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The figure illustrates three ways to represent molecules of n dash butane and 2 dash methlylpropane. In the first row of the figure, Lewis structural formulas show element symbols and bonds between atoms. The n dash butane molecule shows 4 carbon atoms represented by the letter C bonded in a straight horizontal chain with hydrogen atoms represented by the letter H bonded above and below all carbon atoms. H atoms are bonded at the ends to the left and right of the left-most and right-most C atoms. In the second row, ball-and-stick models are shown. In these representations, bonds are represented with sticks, and elements are represented with balls. Carbon atoms are black and hydrogen atoms are white in this image. In the third row, space-filling models are shown. In these models, atoms are enlarged and pushed together, without sticks to represent bonds. The molecule names are provided in the fourth row.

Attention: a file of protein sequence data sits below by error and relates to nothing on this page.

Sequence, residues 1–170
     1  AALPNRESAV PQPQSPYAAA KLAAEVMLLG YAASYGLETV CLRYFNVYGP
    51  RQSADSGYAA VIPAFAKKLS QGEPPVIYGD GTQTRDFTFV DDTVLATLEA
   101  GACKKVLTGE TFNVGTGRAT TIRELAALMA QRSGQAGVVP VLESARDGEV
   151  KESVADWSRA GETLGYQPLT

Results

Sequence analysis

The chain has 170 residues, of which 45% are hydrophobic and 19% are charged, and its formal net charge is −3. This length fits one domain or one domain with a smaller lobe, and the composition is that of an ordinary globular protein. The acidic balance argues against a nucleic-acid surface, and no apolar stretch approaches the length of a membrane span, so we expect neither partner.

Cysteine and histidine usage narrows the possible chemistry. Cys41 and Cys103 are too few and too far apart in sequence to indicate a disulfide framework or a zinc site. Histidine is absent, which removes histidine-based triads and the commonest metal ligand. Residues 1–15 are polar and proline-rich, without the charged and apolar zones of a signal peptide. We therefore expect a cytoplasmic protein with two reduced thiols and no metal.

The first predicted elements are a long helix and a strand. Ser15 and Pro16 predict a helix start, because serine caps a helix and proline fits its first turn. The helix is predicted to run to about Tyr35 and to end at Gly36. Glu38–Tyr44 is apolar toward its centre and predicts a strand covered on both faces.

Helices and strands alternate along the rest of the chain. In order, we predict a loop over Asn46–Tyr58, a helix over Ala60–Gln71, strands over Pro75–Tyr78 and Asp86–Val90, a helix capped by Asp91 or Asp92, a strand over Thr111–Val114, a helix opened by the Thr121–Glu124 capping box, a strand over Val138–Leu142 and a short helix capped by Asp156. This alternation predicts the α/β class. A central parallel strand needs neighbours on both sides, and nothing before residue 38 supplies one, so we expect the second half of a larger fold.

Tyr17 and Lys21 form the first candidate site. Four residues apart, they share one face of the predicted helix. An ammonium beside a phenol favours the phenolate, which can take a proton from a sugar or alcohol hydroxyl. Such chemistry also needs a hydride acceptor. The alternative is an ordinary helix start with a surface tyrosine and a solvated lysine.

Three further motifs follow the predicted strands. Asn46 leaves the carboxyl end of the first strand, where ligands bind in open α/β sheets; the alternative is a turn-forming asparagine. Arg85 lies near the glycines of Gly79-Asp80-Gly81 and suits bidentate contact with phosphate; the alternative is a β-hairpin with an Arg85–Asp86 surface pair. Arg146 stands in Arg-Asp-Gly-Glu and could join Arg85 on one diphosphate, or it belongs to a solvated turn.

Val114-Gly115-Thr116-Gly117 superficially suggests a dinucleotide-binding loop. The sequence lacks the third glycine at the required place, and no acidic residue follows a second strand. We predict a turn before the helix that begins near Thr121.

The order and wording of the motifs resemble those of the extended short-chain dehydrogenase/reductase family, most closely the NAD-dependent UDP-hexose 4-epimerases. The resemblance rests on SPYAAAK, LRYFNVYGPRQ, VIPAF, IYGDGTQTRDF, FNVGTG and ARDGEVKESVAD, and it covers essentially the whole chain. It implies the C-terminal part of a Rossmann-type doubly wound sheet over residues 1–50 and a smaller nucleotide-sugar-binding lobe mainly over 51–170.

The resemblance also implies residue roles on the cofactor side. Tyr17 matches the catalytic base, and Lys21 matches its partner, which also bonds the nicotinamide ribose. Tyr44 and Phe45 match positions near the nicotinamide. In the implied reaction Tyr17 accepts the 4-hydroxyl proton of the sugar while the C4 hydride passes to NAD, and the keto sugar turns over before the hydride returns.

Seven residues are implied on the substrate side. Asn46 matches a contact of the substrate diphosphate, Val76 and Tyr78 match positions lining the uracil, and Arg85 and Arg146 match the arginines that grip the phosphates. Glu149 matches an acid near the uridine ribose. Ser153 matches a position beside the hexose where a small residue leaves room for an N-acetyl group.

The compounds n -butane and 2-methylpropane are structural isomers (the term constitutional isomers is also commonly used). Constitutional isomers have the same molecular formula but different spatial arrangements of the atoms in their molecules. The n -butane molecule contains an unbranched chain , meaning that no carbon atom is bonded to more than two other carbon atoms. We use the term normal , or the prefix n , to refer to a chain of carbon atoms without branching. The compound 2–methylpropane has a branched chain (the carbon atom in the center of the Lewis structure is bonded to three other carbon atoms)

Identifying isomers from Lewis structures is not as easy as it looks. Lewis structures that look different may actually represent the same isomers. For example, the three structures in [link] all represent the same molecule, n -butane, and hence are not different isomers. They are identical because each contains an unbranched chain of four carbon atoms.